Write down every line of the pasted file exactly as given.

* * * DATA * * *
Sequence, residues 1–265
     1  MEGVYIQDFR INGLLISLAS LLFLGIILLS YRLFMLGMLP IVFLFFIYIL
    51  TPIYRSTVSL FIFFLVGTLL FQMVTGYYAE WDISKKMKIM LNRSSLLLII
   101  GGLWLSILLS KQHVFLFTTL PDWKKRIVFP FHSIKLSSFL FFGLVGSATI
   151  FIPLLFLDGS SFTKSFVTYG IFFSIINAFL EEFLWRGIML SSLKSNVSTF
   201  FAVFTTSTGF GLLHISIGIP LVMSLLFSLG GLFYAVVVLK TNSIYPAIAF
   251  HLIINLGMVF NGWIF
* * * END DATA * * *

Sequence, residues 1–265
     1  MEGVYIQDFR INGLLISLAS LLFLGIILLS YRLFMLGMLP IVFLFFIYIL
    51  TPIYRSTVSL FIFFLVGTLL FQMVTGYYAE WDISKKMKIM LNRSSLLLII
   101  GGLWLSILLS KQHVFLFTTL PDWKKRIVFP FHSIKLSSFL FFGLVGSATI
   151  FIPLLFLDGS SFTKSFVTYG IFFSIINAFL EEFLWRGIML SSLKSNVSTF
   201  FAVFTTSTGF GLLHISIGIP LVMSLLFSLG GLFYAVVVLK TNSIYPAIAF
   251  HLIINLGMVF NGWIF